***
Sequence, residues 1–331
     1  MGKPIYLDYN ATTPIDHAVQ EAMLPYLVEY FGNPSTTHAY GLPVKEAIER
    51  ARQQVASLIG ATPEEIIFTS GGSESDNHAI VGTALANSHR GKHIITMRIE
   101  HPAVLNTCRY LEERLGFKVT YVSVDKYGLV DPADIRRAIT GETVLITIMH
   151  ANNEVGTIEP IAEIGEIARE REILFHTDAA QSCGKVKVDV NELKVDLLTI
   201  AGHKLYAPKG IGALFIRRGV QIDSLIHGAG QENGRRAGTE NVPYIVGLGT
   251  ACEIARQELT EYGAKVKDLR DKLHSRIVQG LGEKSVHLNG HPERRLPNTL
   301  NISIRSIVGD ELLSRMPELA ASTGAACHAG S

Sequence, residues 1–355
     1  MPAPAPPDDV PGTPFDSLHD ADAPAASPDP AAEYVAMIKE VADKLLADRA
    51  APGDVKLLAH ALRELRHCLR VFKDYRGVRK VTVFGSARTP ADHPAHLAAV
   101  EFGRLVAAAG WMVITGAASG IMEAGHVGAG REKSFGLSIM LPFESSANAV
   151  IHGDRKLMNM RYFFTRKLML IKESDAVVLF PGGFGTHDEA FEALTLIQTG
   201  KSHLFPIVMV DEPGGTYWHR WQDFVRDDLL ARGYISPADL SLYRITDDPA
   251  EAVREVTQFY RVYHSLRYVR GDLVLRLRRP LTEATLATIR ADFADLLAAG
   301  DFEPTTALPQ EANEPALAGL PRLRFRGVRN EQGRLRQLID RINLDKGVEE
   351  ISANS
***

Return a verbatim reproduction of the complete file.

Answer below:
Sequence, residues 1–331
     1  MGKPIYLDYN ATTPIDHAVQ EAMLPYLVEY FGNPSTTHAY GLPVKEAIER
    51  ARQQVASLIG ATPEEIIFTS GGSESDNHAI VGTALANSHR GKHIITMRIE
   101  HPAVLNTCRY LEERLGFKVT YVSVDKYGLV DPADIRRAIT GETVLITIMH
   151  ANNEVGTIEP IAEIGEIARE REILFHTDAA QSCGKVKVDV NELKVDLLTI
   201  AGHKLYAPKG IGALFIRRGV QIDSLIHGAG QENGRRAGTE NVPYIVGLGT
   251  ACEIARQELT EYGAKVKDLR DKLHSRIVQG LGEKSVHLNG HPERRLPNTL
   301  NISIRSIVGD ELLSRMPELA ASTGAACHAG S

Sequence, residues 1–355
     1  MPAPAPPDDV PGTPFDSLHD ADAPAASPDP AAEYVAMIKE VADKLLADRA
    51  APGDVKLLAH ALRELRHCLR VFKDYRGVRK VTVFGSARTP ADHPAHLAAV
   101  EFGRLVAAAG WMVITGAASG IMEAGHVGAG REKSFGLSIM LPFESSANAV
   151  IHGDRKLMNM RYFFTRKLML IKESDAVVLF PGGFGTHDEA FEALTLIQTG
   201  KSHLFPIVMV DEPGGTYWHR WQDFVRDDLL ARGYISPADL SLYRITDDPA
   251  EAVREVTQFY RVYHSLRYVR GDLVLRLRRP LTEATLATIR ADFADLLAAG
   301  DFEPTTALPQ EANEPALAGL PRLRFRGVRN EQGRLRQLID RINLDKGVEE
   351  ISANS